Two microwave radar systems for vehicle detection, manufactured by Wavetronix and MS SEDCO, were evaluated at stop bar and advance zones of a signalized intersection under three adverse conditions: (a) high wind speeds, (b) rain, and (c) fully or partially snow-covered roadway. Data under normal (favorable) weather conditions were also analyzed and used for comparison. Results show that the performance of the two systems deteriorated during adverse weather, and the type of detection errors and their frequency were system dependent. In general, wind increased false calls at the advance detection zone by more than 50%, depending on the location and sensor type; snow-covered roadway had more widespread effects and increased false calls at stop bar and advance zones, depending on the system, and also increased missed calls at stop bar zones; and rain affected the two systems by increasing false calls and stuck-on calls at the stop bar and false calls at the advance zones. Data also showed that frequencies of false and missed calls were likely to increase as precipitation intensity and wind speeds increased. Results from this evaluation show significant effects of adverse weather on microwave radar detection systems, providing information to researchers and practitioners regarding the potential performance of similar setups under such conditions. Details on the detection errors offer insight on situations that should be monitored and could be used to improve performance under adverse weather.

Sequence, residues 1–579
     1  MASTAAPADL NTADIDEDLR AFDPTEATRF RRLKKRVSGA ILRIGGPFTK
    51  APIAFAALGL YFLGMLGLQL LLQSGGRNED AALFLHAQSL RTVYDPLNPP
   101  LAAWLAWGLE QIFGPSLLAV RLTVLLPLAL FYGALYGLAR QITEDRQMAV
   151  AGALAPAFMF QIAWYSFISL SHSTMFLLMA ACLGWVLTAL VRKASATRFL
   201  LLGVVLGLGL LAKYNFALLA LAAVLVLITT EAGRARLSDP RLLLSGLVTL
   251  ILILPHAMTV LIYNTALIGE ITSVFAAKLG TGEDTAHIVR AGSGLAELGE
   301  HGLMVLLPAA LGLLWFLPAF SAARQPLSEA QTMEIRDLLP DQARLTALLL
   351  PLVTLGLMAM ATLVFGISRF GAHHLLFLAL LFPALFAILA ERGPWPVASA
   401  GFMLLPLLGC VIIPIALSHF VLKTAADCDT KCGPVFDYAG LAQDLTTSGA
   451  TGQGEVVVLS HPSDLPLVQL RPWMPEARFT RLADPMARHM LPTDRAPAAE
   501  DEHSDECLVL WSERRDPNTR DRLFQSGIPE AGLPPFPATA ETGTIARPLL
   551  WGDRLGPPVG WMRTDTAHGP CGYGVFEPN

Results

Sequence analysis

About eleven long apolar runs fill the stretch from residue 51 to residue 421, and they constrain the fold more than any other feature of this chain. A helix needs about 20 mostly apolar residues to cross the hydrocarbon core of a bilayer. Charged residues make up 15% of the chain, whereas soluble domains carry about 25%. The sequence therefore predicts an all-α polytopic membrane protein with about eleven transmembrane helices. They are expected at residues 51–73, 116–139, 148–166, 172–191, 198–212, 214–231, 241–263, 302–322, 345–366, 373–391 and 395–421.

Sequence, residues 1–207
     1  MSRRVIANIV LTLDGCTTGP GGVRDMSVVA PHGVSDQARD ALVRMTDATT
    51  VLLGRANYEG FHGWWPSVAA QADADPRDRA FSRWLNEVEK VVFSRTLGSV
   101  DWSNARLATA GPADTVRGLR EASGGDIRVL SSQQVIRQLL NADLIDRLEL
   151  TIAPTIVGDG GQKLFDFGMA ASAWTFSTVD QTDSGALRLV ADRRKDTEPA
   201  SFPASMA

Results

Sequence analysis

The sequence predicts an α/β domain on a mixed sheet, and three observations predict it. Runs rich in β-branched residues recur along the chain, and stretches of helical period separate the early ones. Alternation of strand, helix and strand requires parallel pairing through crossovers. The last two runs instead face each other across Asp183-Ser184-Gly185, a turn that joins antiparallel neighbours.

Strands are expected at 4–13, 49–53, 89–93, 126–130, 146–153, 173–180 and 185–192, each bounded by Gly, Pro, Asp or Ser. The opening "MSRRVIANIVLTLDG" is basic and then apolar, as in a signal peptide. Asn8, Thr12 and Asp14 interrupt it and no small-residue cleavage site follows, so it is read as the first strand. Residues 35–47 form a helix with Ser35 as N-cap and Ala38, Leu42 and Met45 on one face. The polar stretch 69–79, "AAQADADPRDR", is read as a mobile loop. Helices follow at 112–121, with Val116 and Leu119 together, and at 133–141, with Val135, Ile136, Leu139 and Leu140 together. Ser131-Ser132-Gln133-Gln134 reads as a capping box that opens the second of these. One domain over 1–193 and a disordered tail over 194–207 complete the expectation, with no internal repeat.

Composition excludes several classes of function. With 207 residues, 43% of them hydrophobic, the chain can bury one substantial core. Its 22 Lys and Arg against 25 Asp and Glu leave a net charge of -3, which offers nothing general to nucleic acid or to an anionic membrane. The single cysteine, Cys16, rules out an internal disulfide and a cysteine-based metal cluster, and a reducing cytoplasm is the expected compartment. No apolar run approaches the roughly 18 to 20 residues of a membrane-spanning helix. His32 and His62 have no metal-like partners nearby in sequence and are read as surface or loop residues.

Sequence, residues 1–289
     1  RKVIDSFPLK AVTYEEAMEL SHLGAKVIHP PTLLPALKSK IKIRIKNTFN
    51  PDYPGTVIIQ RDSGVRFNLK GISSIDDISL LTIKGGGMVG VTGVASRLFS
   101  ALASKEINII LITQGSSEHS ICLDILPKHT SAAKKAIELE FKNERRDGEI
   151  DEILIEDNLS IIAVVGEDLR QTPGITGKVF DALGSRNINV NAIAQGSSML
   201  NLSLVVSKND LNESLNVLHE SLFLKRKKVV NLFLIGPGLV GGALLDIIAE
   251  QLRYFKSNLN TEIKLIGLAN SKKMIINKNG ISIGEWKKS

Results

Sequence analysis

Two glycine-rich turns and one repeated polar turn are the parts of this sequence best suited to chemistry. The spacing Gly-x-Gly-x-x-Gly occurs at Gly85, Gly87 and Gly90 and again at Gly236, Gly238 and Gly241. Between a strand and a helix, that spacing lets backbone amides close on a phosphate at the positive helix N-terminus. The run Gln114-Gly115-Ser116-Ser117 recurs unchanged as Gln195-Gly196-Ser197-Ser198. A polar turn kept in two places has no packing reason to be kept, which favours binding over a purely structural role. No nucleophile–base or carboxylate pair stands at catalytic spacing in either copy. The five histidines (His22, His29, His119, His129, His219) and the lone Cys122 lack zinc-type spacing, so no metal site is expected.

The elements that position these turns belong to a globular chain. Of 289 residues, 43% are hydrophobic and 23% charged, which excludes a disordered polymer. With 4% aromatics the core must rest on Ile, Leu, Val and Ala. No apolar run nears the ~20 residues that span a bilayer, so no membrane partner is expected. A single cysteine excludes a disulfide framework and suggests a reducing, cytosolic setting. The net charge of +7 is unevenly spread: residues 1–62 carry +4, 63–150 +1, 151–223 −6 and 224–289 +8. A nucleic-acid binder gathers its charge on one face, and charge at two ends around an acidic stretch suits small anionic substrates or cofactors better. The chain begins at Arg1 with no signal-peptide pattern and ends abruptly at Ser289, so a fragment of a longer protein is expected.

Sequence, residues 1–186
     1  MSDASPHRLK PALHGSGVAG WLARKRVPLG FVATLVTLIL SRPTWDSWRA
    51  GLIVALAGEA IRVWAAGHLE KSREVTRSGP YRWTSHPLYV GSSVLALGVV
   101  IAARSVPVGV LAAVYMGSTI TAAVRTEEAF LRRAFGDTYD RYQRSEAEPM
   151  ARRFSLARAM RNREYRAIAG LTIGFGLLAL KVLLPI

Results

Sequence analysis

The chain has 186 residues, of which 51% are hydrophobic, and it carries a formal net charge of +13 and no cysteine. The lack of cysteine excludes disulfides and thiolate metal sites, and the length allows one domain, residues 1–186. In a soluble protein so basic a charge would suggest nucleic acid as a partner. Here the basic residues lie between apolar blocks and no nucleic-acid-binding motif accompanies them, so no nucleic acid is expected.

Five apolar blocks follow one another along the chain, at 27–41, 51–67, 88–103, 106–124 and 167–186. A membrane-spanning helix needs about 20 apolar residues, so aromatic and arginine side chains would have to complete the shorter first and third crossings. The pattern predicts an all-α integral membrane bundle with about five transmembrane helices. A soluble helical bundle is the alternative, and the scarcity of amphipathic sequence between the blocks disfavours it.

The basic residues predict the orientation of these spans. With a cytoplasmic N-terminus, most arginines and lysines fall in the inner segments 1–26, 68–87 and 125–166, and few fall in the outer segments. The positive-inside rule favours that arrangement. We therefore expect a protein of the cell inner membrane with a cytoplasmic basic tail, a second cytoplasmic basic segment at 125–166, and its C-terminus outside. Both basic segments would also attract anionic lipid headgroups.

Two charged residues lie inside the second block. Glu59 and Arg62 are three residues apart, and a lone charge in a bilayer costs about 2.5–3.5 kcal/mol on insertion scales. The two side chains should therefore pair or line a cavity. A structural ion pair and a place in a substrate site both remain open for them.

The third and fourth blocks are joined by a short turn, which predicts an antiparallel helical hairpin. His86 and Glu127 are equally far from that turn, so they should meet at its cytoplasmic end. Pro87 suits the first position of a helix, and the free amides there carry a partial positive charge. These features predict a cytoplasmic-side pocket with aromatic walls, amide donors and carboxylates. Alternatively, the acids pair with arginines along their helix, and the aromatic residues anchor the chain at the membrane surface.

ASJC Scopus subject areas
- Civil and Structural Engineering
- Mechanical Engineering